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SA Hospitals: Pelonomi remains in the doldrums

SA hospitals: Pelonomi remains in the doldrums
A patient has described horror scenes from Bloemfontein's Pelonomi Hospital where negligence has become the norm as South Africa's public hospitals struggle to provide acceptable levels of care. (Photo: Bloemfontein Courant)
Written by Molefi Sompane

As medico-legal claims continue to pile up in hospitals across the country, Bloemfontein’s Pelonomi Hospital is no different with several accounts from dissatisfied patients painting a grim picture.

Not too long ago, the South African Human Rights Commission (SAHRC) warned the Free State Department of Health of looming legal costs if matters didn’t improve in facilities in the province.

In July, Health-e News reported on the visit as SAHRC Chairperson Advocate, Bongani Majola, witnessed the crumbling infrastructure. Two months on, nothing has changed.

‘Patients will die due to negligence have

Earlier this week, patients once again shared horror stories taking place at the hospital’s casualty section.

Thapi Segopolo described the scenes when he visited the hospital last week.

“I took my two-year-old nephew to the hospital last Wednesday. While we were there, one patient fell to the floor and started having a seizure because they ignored her. Doctors tried to resuscitate her, but she didn’t make it due to negligence,” she said.

Segopolo added that they only received help eight hours later even though the child was seriously ill.  

“We arrived at the hospital at about 15:30 but only got help at 23:55. There were about eight toddlers but their parents decided to leave because no one was helping them. Nurses were seen just sitting around,” said Segopolo.  

She believes that nurses are ill-treating people in public facilities and that the government should investigate.

 “What’s happening there is a disaster. They forget that people come from different backgrounds and most don’t have medical aids. They also took oaths to help the public, but instead, they do the opposite and treat people like dirt. Honestly, they must be reported because we keep on seeing things but keep quiet. This has to stop and we, as the community, have to act so that people can be treated with respect,” she explained.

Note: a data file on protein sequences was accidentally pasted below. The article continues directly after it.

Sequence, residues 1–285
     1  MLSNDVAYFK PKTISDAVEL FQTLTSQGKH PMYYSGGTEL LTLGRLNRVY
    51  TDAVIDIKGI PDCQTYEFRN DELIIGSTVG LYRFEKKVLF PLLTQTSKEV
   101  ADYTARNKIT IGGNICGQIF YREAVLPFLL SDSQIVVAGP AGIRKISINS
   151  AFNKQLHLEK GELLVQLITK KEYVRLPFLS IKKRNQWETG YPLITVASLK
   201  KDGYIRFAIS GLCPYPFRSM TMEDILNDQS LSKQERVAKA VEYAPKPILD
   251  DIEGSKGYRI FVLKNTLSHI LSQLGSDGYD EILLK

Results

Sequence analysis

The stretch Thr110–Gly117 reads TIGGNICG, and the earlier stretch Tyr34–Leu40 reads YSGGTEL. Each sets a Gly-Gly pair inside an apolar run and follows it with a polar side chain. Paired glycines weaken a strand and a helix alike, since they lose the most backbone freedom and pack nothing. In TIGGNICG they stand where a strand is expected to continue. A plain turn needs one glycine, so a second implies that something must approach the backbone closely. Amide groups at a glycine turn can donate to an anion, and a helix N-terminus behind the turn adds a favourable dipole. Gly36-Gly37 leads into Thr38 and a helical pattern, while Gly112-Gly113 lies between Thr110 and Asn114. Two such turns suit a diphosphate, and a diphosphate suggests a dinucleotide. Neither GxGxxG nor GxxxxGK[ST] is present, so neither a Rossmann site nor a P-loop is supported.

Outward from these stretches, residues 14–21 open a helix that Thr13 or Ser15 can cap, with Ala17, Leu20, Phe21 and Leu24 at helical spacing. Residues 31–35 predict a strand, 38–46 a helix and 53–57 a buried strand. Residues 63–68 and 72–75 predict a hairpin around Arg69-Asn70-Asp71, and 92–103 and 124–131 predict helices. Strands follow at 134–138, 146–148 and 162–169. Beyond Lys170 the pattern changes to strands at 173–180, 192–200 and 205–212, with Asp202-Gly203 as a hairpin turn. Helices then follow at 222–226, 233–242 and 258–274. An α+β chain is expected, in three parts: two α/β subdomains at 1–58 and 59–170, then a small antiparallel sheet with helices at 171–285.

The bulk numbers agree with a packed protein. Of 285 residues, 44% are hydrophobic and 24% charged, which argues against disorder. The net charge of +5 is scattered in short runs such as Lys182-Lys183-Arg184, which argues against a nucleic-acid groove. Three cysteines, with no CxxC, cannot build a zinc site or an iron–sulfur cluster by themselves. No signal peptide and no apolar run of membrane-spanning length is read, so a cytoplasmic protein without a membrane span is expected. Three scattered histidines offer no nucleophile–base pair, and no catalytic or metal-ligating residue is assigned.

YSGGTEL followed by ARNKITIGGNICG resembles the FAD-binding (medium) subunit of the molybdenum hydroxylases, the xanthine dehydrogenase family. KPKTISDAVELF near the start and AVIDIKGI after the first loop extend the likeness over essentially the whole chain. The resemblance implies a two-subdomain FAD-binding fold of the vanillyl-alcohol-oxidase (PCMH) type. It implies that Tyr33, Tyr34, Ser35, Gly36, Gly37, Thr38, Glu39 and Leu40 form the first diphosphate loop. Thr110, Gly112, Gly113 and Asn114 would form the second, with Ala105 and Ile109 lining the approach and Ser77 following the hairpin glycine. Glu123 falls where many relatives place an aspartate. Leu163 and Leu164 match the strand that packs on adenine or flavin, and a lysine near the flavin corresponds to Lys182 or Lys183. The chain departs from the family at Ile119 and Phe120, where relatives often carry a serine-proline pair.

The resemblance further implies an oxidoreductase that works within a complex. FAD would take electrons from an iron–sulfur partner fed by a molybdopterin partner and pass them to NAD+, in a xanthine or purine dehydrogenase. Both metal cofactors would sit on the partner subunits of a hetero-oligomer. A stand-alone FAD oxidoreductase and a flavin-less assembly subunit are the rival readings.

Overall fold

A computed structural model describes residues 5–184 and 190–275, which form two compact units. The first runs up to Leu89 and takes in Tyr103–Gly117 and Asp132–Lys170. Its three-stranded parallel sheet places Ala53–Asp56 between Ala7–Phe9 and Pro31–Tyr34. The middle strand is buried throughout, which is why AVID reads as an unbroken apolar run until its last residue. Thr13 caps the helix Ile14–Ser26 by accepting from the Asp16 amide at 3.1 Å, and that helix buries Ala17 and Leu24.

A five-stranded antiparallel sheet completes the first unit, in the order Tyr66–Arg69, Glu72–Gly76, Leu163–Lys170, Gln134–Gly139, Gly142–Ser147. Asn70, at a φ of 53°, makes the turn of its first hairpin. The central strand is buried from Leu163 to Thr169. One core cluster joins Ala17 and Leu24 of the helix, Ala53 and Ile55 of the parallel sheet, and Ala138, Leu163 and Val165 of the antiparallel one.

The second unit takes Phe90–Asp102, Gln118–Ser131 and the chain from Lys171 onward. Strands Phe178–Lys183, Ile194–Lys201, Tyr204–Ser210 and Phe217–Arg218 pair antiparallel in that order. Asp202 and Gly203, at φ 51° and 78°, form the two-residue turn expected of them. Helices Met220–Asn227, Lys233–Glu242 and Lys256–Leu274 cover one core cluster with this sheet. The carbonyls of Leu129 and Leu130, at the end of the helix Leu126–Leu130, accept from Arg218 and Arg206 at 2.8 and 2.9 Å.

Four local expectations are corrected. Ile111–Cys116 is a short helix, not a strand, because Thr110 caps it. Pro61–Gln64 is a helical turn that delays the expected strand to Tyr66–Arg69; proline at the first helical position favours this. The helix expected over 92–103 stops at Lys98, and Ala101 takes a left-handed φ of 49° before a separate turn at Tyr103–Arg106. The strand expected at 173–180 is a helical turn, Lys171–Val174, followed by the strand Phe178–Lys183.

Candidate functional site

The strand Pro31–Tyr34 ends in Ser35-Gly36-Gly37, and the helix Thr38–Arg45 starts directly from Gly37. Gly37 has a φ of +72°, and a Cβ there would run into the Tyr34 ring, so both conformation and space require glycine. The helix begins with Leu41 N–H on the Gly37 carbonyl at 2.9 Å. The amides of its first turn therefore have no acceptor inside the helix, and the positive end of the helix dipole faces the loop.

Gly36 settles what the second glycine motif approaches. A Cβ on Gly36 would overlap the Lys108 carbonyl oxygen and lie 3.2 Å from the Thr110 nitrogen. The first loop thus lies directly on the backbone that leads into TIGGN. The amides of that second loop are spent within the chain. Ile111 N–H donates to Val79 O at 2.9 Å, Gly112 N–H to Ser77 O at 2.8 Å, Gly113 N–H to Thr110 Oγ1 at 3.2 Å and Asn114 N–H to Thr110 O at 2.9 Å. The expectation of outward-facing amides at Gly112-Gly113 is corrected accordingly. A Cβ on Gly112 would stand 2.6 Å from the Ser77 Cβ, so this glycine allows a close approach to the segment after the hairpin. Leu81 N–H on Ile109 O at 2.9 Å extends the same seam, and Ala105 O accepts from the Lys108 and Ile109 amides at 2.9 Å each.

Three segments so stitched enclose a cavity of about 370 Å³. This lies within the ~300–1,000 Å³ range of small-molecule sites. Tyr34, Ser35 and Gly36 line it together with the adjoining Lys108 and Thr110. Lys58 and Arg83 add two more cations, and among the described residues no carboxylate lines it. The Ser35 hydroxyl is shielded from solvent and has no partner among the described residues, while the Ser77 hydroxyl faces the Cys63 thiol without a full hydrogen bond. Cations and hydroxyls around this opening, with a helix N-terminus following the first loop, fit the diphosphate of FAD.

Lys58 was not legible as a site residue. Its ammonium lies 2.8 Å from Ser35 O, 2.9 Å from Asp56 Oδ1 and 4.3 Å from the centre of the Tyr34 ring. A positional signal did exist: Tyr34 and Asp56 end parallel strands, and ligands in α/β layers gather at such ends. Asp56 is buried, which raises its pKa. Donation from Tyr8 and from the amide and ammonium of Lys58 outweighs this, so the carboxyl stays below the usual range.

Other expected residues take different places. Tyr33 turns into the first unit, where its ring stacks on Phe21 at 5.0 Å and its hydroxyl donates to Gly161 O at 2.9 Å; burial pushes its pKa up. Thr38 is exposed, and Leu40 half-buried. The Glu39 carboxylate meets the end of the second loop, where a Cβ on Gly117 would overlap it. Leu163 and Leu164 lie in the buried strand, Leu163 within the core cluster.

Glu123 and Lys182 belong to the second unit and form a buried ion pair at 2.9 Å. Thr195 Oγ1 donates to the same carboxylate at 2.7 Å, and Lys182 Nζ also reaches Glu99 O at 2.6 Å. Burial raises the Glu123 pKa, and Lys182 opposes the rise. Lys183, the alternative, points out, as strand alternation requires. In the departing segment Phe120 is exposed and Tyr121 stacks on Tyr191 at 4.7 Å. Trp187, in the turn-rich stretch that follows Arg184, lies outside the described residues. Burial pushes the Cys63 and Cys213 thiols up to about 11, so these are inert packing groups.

Pelonomi, a ‘nightmare’

Another victim, Lesego Ditlhareng, still remembers her ordeal from 2020.

“I was in a ward with a woman who had just lost her baby. She was unable to bathe herself and the nurses told her that can bathe when she was able. I even offered to help her. It’s their job to bathe someone after surgery and I thank God that I was transferred to Universitas where I received the best treatment,” said Ditlhareng.

Meanwhile, the young mother, Mmoko Sefoloko, still cries when she recalls her recent visit to Pelonomi.

“Pelonomi makes me so sad, thinking that a child nearly passed on because he was neglected. He was very sick as a two-month-old baby and was returned from casualty because ‘nothing was wrong. We had to sleep with a sick child but luckily, we took him to the Polyclinic the next day where he was attended to. Passing Pelonomi or hearing about it, opens wounds,” said Sefoloko.

She continued: “We prayed every day for God to save the child. May God bless the nurse who phoned the pediatric ward informing them that there was a very sick baby who needed help.”

The onus is on patients

Last month, MEC of Health, Montsheng Tsiu, urged victims to report any incidents promising that they’ll receive attention. 

“It is not right to come to any hospital and not receive the help that you expect as a patient. We took an oath to treat patients with care and respect,” said Tsiu. 

According to the Office of the Health Ombud (OHO), they are present to protect and promote the health and safety of users of health services. It considers, investigates and disposes of complaints in the national health system relating to non-compliance with prescribed norms and standards.  The OHO strives to ‘contribute towards the development of public service culture characterised by fairness, dedication, commitment, openness, accountability and the promotion of the right to good public administration’.

The public is urged to submit their complaints if they were inappropriately treated or provided with poor quality health care services. “Whistleblowers are guaranteed anonymity,” the OHO further stated. – Health-e News

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Molefi Sompane

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